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Knish Knosh

May 23, 2014 3:06 PM | 0 comments


Join us this Wednesday evening May 28th, when the "world's leading knish expert and author" Laura Silver will be with us to talk about her new book, "Knish, In Search of Jewish Soul Food".  Ms. Silver will share with us her travels and research through various countries and communities, as she traces the origins and contemporary expressions of this ubiquitous culinary icon that once reigned from Brownsville to the Lower East Side.

We'll have a knish reception at 6:30, with the talk beginning at 7:00 p.m. 


Researching Reinhardt

May 15, 2014 11:58 AM | 0 comments

If reports are to be believed, Brooklyn has been undergoing some kind of ground-shaking cultural renaissance for the past ten or twenty years. The borough -- once sleepy, then neglected -- is now a ballyhooed land barnacled with oft-parodied "artisanal" this-and-that shops, awash in alternative art-spaces, and peppered with the black and white "gear" of our recently dispatched cagers. Brooklyn is it! Brooklyn is cool! Brooklyn is a global brand, a baby's name! But if you Google "Brooklyn is" you will also see the gloomy auto-fill death of this shangrila not too far off on the horizon.  Right beside those proud paeans to the borough's hipness you'll also find this Google-generated sour epitaph: "Brooklyn is over." But before we go throwing dirt on our home and, here at the Brooklyn Collection, raison d'etre, let's take a look back at another link in the long chain of Brooklyn's cultural relevance, even if it is a link that was forged in Queens (undoubtedly New York's Coolville of the future).

We recently received a very generous donation of Brooklyn Dodger material from a life-long collector, Mr. Al Todres. The gift is largely comprised of the kind of ephemera that would have been swirling around any devoted fan's house: magazines, newsletters, lapel pins, ticket stubs, programs, and team yearbooks -- all of the little things that give so much color to the historical record.

The two images here are both scans of team yearbooks from the 1941 and 1942 seasons. And though these yearbooks are noteworthy because they commemorate remarkable seasons (in 1941 the Dodgers clinched their first pennant in 21 years, and in 1942 they ran a close second to the Cardinals, who won 106 to the Dodgers' 104 games) they are particularly noteworthy because of the young man who designed them.

It might be hard to see, but there beneath the disembodied hand and varied typeface (the disembodied hand and varied typeface which he chose) is the name of one of America's most notable post-war painters:

Not unlike the sighting of a yet-to-be heralded Richard Avedon in the pages of The Helm and The Mast, here we have a still unknown 28-year-old aspiring painter and day-job designer for the Brooklyn Dodgers named Adolph (Ad) Reinhardt. Curious to learn if Reinhardt grew up in Brooklyn, I headed upstairs to the Arts and Music division to see what I could find.

In this collection of Reinhardt's writings you'll find a (very funny) chronology of the artist's life written by the artist himself where we discover the following:

1913: Born, New York, Christmas Eve, nine months after Armory Show. (Father leaves "Old country" for America in 1907 after serving in Tsar Nicholas' army. Mother leaves Germany in 1909.)
1913: Malevich paints first geometric-abstract painting.
1914: Matisse paints
"Port-Fenetre, Collioure."
1914 Mondrian begins "plus-minus" paintings.
1915: Gets crayons for birthday, copies "funnies," Moon Mullins, Krazy Kat, and Barney Google.
1916 Juan Gris paints "Dish of Fruit"
1916 Dada in Zurich.
1917 Cuts up newspapers. Tears pictures out of books.
1917 October Revolution in Russia. Lenin replaces Kerensky.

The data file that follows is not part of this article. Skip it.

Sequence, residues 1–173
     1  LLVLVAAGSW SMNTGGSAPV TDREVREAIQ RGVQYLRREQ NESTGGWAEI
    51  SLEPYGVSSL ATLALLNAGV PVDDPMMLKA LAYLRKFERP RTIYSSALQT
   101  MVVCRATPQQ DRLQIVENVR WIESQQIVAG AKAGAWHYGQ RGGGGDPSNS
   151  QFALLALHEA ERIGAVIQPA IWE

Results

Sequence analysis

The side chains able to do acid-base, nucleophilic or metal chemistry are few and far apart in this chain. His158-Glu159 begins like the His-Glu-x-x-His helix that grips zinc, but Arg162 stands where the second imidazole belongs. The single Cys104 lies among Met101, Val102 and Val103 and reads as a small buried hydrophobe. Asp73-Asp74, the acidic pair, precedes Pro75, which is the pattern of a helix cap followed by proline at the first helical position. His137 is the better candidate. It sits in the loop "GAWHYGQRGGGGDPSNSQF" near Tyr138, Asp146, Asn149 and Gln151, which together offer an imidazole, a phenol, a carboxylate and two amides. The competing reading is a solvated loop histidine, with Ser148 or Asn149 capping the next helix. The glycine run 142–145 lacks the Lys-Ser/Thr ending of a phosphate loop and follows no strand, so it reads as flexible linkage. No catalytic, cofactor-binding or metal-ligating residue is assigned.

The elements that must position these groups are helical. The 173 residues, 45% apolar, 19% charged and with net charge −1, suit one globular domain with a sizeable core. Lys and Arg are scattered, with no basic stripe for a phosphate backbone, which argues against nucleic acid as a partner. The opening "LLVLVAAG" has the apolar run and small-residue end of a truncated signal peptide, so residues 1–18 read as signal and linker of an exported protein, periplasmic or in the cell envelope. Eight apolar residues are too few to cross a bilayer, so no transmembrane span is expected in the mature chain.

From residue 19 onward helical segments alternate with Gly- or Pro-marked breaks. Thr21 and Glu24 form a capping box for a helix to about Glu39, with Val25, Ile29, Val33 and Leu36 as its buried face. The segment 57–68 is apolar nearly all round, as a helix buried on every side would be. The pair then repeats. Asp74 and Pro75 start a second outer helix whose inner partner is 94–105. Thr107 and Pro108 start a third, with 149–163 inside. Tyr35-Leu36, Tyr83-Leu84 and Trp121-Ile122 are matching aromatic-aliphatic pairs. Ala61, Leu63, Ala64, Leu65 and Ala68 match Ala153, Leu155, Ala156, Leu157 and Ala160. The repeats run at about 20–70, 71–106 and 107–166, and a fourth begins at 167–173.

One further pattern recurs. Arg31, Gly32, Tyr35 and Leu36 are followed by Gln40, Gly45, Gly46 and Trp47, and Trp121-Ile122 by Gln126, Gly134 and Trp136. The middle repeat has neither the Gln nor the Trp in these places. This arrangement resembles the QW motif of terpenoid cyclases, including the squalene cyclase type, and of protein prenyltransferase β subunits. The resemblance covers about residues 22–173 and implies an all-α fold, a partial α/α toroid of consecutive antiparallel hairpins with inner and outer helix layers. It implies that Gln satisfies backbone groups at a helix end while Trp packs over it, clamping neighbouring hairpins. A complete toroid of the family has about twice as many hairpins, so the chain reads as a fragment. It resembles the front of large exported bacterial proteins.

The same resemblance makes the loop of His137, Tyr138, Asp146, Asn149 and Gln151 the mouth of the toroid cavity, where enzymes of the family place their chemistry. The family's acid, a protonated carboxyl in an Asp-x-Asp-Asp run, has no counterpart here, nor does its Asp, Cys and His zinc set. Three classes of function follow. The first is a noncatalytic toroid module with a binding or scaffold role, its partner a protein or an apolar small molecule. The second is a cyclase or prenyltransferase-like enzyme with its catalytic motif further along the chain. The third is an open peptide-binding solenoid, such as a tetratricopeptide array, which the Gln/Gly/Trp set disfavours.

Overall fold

1918 Malevich paints
"White on White"
1918 Peace. World War I ends.
1919: Enters Public Grade School No. 88, Fresh Pond Road, Ridgewood, Queens.

To see exactly where in Ridgewood Reinhardt lived, I checked census records on (free here at the library!) and found the following listing from a 1930 record:

That's 16 year old Ad Reinhardt third from the top. And though you can't see it here, the family is listed as residing at 2529 Madison St. in Ridgewood, Queens. But when I check Google maps to see where exactly 2529 Madison Street is I turn up nothing. Google is flummoxed. Paging through our atlases I also come up empty-handed. This part of Ridgewood is a bit too far into Queens to be captured by our Brooklyn-only atlas collection. Hitting nothing but dead ends, I see if I can't get a general idea of his whereabouts on Madison Street through the Enumeration District listed on the 1930 census. In the upper right hand corner you can find the ED for each page's listing of inhabitants; in Reinhardt's case it is 41-611. Going back into I search their Maps, Atlases, and Gazetteers database and find the Enumeration Districts for 1940 (close enough for our purposes) and turn up this:

From this rather bleary map, it would be my guess that Reinhardt lived somewhere on that block of Madison which I have circled in red. There are no addresses on this map, but the houses here were very likely in that 611 district. Here's how Google's ubiqutous eye saw this block back in 2012.

From here, Reinhardt need only walk 6 short blocks to PS 88. However, proximity, and the Dodger yearbooks above, were not Reinhardt's only connection to Brooklyn. As his chronology plainly states, 1947 saw the beginning of Reinhardt's teaching career at Brooklyn College and, as luck would have it, we have a few yearbooks from his time there. Below we see an arms-crossed Reinhardt surrounded by his colleagues in the 1951 Broeklundian.

And here's a close-up of the artist/professor from the 1954 yearbook.

And lastly, in a very Reinhardt-esque collage, we see the artist's head, along with those of the other Art Department instructors, stationed like statuary in Panini's Gallery of Views of Ancient Rome. (Reinhardt's is the large, topmost head just off center).

And though Reinhardt is perhaps best known for his weighty, abstract black paintings, he was also a talented and prolific comic artist (all those years of copying out Krazy Kat must have amounted to something!) and both of these modes were recently on display at a large show of his work at a Manhattan gallery back in late 2013. But if you missed that, you can always come by the Collection to have a peek at these Dodger yearbooks, where you'll find a number of gems like the ones reproduced below:

A Library for Children -- the Stone Avenue Branch

May 7, 2014 12:07 PM | 1 comment